Early intervention and treatment of adolescent injuries can have a big impact on reducing the amount of time missed from the sporting field. A physio can help to identify any overuse or acute injuries and help modify training loads for quick recovery.

~Alex

Check out Alex’s profile here

GymnastPotential spinal injury in gymnast
  • Show original
  • .
  • Share
  • .
  • Favorite
  • .
  • Email
  • .
  • Add Tags 
Cancer rehabilitation is a relatively new area of Physiotherapy and one that I have been fortunate enough to undergo post-graduate training in. As an increasing number of people are treated for various forms of cancer, the need for Physiotherapy-based rehabilitation has become very apparent.
Who can benefit?

The majority of clients (but certainly not limited to) that I’ve treated have had breast cancer. Clients have often had breast surgery, chemotherapy and radiation therapy as part of their medical treatment. These women can be left with secondary issues that, if left unaddressed, can cause further pain/discomfort and functional limitations. Some examples of such secondary issues include:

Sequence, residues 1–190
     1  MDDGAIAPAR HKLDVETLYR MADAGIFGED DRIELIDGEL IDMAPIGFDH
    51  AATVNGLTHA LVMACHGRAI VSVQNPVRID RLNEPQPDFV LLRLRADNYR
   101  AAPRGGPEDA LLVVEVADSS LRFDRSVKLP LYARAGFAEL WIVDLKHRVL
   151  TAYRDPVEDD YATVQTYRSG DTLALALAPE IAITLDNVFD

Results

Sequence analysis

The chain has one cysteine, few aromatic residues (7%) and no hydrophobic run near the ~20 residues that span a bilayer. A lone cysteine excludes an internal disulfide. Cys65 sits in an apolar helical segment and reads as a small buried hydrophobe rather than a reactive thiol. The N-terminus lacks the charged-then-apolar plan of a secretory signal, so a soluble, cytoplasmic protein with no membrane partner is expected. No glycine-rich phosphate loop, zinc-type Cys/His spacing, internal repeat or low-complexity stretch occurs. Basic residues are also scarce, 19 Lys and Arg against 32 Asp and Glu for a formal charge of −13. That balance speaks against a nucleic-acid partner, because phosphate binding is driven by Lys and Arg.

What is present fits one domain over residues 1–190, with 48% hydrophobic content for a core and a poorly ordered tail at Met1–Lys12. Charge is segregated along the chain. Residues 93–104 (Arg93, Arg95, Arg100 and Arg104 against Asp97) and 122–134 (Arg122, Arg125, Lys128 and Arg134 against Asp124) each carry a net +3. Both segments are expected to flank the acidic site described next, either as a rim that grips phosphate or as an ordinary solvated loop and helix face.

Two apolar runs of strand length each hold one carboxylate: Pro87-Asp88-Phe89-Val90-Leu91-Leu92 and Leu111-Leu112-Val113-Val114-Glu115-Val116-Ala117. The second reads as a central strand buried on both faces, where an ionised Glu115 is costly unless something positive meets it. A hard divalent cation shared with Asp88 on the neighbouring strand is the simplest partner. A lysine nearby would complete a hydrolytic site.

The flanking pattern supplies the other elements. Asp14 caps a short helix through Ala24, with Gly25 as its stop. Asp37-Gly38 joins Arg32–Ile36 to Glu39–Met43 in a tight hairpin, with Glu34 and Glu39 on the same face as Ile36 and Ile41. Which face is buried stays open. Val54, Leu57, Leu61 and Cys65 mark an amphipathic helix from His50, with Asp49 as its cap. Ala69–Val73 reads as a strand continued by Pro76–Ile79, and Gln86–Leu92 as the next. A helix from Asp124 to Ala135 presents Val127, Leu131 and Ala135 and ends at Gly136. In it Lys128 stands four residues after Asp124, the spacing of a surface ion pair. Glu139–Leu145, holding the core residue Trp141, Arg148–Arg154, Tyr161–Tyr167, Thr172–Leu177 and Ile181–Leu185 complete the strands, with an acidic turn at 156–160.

• poor shoulder range of movement
  • lymphoedema
  • loss of muscle tone/strength
  • lowered bone density
  • reduced cardiovascular fitness
  • poor posture
  • fatigue

I can work with clients who are at any stage of their cancer journey. From first diagnosed, during treatment, post-treatment/post-operative, right through to clients who have achieved full cancer remission.

What does treatment involve?

Physiotherapy-based cancer rehabilitation may involve a combination of hands-on treatment and exercise prescription. Exercise programs may utilise our clinical exercise studio or involve creating a home program for the patient. Fatigue management and breathing re-education are also factors included in the rehabilitation process.

Case Study
Presentation